On a personal level, and for me most importantly, he was the first to show me that you could work academically on things that mattered to you and touched on your everyday life, that popular culture as a field was important and should be celebrated. He taught me that ‘dancing critically on the edge of disciplines’ was something to be proud of and should be carefully nurtured, that inter-disciplinarity should be seen as the norm and not the exception. In many ways, some of these view are unexceptional now – the academy now see inter-/trans-/cross-disciplinary approaches as increasingly desirable, but it cannot be overstated how groundbreaking Steve’s approach was in the late 1980s and 1990s. Whilst there were legal scholars who adopted socio-legal or CLS (Critical Legal Studies) framed approaches, none were immersed in the breadth of areas Steve was concerned with; from critical criminology to the sociology of leisure and beyond, and connecting these to a wild and eclectic array of sources, artifacts and disciplines. A great example here is his book The Repetitive Beat Generation; a text that nodded not only to the Beat Generation poets but also to the attempted policing of dance subculture, along with other areas of popular culture via the Criminal Justice and Public Order Act 1994 that he covered in Unpopular Cultures. The launch of The Repetitive Beat Generation was held at the now long gone Borders bookshop on Oxford Street in London, and was attended by many of those involved including Hanif Kureshi and Adrian Sherwood, whilst others in the audience included the actor Rhys Ifans. A surreal afternoon ended with lots of us in The Ship on Wardour Street and I still dine out on the time I went to the pub with Hanif Kureshi.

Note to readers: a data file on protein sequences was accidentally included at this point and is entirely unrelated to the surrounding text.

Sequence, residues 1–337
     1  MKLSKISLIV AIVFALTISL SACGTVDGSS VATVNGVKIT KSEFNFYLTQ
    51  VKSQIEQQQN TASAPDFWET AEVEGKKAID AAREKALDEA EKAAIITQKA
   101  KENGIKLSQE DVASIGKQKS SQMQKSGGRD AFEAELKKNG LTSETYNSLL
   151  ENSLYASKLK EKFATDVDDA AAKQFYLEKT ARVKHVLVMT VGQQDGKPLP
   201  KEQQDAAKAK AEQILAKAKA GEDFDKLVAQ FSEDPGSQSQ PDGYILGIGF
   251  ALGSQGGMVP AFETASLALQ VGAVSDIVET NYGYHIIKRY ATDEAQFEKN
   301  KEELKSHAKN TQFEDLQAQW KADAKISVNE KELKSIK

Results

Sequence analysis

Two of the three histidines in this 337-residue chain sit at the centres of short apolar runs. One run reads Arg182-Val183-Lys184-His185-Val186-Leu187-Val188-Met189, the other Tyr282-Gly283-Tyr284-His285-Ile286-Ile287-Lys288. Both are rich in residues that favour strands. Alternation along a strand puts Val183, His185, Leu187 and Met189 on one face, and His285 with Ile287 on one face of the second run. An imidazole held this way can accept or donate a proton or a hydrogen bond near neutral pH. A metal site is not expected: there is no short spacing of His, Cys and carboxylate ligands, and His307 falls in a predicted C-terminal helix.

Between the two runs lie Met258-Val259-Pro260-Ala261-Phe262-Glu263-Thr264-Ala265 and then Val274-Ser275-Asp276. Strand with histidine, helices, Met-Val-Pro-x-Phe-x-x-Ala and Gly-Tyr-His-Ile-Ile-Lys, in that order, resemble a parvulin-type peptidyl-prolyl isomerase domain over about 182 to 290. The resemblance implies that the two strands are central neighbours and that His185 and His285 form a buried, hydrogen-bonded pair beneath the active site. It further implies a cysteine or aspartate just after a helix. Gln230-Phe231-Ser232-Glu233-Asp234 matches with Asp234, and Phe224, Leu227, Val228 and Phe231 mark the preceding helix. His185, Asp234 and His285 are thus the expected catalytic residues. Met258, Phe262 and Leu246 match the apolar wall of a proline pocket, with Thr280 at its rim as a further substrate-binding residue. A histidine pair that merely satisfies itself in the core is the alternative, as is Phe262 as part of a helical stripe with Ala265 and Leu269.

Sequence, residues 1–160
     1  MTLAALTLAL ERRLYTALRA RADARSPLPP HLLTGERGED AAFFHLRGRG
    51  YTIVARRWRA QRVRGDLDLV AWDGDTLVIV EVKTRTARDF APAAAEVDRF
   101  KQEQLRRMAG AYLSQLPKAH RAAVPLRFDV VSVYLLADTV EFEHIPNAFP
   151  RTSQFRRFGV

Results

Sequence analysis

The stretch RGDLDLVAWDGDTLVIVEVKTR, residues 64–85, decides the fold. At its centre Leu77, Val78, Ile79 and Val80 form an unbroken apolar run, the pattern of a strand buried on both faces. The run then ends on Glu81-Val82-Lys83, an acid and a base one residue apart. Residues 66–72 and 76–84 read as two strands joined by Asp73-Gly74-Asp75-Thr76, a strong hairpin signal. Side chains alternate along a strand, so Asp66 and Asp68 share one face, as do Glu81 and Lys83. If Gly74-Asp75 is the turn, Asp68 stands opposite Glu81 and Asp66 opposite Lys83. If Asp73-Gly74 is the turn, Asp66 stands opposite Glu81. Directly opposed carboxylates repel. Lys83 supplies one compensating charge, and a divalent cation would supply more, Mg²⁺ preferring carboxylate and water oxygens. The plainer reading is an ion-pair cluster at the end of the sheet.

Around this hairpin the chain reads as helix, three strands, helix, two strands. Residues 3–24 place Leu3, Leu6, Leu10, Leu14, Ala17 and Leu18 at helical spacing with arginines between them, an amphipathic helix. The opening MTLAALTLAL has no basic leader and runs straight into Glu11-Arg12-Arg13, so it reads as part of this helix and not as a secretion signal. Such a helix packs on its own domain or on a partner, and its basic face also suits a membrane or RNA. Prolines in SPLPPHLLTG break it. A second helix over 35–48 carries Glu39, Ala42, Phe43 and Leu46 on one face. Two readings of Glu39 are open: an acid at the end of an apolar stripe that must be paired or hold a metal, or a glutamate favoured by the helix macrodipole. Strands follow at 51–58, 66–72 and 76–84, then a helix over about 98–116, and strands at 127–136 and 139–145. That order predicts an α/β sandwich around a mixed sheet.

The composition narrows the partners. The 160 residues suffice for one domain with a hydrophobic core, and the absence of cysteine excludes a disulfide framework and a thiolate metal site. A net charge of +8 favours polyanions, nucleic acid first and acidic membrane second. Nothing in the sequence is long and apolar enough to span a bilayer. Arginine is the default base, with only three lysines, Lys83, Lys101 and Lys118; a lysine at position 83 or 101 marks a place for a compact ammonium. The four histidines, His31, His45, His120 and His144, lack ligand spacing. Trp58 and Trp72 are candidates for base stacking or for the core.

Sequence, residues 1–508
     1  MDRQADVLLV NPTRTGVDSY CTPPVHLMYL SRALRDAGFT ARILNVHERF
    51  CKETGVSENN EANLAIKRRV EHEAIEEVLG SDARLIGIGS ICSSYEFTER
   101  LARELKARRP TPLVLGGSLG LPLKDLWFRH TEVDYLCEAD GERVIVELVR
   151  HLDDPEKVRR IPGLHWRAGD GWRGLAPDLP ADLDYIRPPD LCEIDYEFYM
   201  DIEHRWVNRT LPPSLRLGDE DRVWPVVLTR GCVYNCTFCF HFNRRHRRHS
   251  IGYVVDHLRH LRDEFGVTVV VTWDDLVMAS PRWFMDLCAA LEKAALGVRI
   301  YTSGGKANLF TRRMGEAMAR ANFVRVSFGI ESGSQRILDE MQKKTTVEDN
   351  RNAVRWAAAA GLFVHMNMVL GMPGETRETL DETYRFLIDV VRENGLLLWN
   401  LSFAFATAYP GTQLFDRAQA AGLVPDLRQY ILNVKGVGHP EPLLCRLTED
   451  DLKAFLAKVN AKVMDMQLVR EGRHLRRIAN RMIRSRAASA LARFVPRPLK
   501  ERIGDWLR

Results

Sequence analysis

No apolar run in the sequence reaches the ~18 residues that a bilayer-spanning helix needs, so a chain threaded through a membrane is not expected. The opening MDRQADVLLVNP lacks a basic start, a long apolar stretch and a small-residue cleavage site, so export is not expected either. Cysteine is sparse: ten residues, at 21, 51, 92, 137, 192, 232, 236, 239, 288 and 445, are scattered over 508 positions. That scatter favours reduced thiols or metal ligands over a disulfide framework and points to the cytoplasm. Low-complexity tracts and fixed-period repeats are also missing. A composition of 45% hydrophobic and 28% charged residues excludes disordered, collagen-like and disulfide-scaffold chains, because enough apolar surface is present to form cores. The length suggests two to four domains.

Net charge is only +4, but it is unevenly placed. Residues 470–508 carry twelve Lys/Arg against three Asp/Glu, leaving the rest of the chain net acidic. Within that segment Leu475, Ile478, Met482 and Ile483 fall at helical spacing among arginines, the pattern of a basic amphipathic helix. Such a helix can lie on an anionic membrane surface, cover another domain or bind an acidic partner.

Thrillingly, a reviewer once called Steve ‘the high priest of legal pop’, perhaps echoing the late Mark E Smith’s Hip Priest with its ‘He is not appreciated’ refrain. Underappreciated is certainly not something I will think of when I think of Steve.

For Steve, anything was possible and anything was permissible. He forged a path that allowed many to follow in his giant footsteps. His passing leaves a giant void but his legacy lives on. Steve’s musical tastes were famously eclectic, but one of his favourite songs, ‘Half a World Away’ seems particularly apposite and poignant today and an excerpt appears below:

And when I leave this planet
You know I’d stay but I just can’t stand it and
I can feel the warning signs running around my mind
And if I could leave this spirit
I’ll find me a hole and I will live in it and
I can feel the warning signs running around my mind

Here I go, I’m still scratching around in the same old hole
My body feels young but my mind is very old
So what do you say?
You can’t give me the dreams that are mine anyway
Half the world away, half the world away
Half the world away
I’ve been lost, I’ve been found but I don’t feel down

No, I don’t feel down
No, I don’t feel down

(Noel Gallagher, ‘Half the World Away’ Sony/ATV Music Publishing)

Steve Redhead RIP – he danced critically, he raved off.